How do I maintain a sense of justice for Palestinians whose freedoms have been compromised under Israel's 40-year occupation and continue to advocate for their human rights, when I know they are being swept up by a new pan-Arabism that possesses a theological weapon of mass destruction: Islamic fundamentalism?
No wonder the Israeli 'left' has gone underground. Many of our cherished values have gone up in smoke. We hate the security barrier because it steals Palestinian lands, divides their villages and separates their families, but we sleep better, knowing our children no longer play Russian roulette with their lives when they venture out in public. We deplore targeted assassinations, but should we kill terrorists on their way to fire rockets into a mall in Ashkelon, we breathe a sigh of relief - even if innocent Palestinians are caught in the cross-fire.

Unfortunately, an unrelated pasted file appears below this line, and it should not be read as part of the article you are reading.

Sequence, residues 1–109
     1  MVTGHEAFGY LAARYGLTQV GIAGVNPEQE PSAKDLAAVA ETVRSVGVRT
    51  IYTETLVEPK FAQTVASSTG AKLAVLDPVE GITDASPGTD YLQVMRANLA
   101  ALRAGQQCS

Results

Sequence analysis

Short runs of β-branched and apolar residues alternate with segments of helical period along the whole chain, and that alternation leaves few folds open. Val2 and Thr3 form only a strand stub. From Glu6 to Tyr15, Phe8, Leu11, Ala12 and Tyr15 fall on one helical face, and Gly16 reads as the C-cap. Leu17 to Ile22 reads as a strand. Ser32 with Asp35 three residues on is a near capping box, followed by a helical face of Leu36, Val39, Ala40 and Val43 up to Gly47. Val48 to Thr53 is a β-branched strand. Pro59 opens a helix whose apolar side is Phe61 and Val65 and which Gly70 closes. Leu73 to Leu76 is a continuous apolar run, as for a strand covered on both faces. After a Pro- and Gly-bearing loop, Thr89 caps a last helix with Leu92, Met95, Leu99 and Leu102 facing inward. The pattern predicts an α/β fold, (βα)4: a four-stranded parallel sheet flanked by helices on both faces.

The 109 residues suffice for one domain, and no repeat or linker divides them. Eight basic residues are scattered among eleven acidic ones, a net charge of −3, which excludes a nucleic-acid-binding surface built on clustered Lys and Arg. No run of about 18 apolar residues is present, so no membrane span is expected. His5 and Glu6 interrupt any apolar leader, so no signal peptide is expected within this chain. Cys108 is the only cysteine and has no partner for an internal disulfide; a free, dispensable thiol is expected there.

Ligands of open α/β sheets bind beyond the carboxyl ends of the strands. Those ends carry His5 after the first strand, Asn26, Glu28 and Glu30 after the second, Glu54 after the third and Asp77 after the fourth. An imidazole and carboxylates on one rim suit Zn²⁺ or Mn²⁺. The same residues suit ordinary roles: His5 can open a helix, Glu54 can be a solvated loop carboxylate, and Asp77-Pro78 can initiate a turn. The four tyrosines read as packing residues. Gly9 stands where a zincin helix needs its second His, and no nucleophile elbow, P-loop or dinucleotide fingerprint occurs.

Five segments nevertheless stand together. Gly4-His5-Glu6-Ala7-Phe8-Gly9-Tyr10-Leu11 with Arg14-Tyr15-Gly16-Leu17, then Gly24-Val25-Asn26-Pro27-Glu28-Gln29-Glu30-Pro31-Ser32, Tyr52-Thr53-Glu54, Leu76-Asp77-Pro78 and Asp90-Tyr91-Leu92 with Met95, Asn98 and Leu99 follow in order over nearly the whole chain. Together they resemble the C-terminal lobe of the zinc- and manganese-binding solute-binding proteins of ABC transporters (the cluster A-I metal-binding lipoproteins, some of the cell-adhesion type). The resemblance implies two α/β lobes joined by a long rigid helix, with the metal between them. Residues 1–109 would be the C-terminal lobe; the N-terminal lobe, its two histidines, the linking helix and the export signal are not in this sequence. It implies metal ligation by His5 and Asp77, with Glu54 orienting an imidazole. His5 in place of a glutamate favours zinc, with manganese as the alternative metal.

Has the 'right' read the political map better than we have? Everything that those who opposed the unilateral withdrawals from Lebanon and Gaza predicted would happen has happened. Hezbollah in the north and Hamas in the south are squeezing us; and at a moment's notice could wreak havoc upon the country. The internecine fighting in Gaza, where Palestinians kill each other with impunity, proves a harsh reality: These Muslim fanatics are out for anyone's blood that gets in the way of their ultimate goal - spilling the last drop of Jewish blood.
So, what's an Israeli liberal Jew to do - turn to our leftist sympathizers abroad to gain some perspective and objectivity?
Who are they - the American Center for Constitutional Rights that has issued warrants for the arrest of Israeli soldiers for war crimes; the International Solidarity Movement, the Christian Peacemaker Teams, Friends of Sabeel - all whose prejudicial views of the conflict are little more than veritable well-springs for anti-Semitic drivel? You see why I feel besieged - even my natural allies put me on the defensive.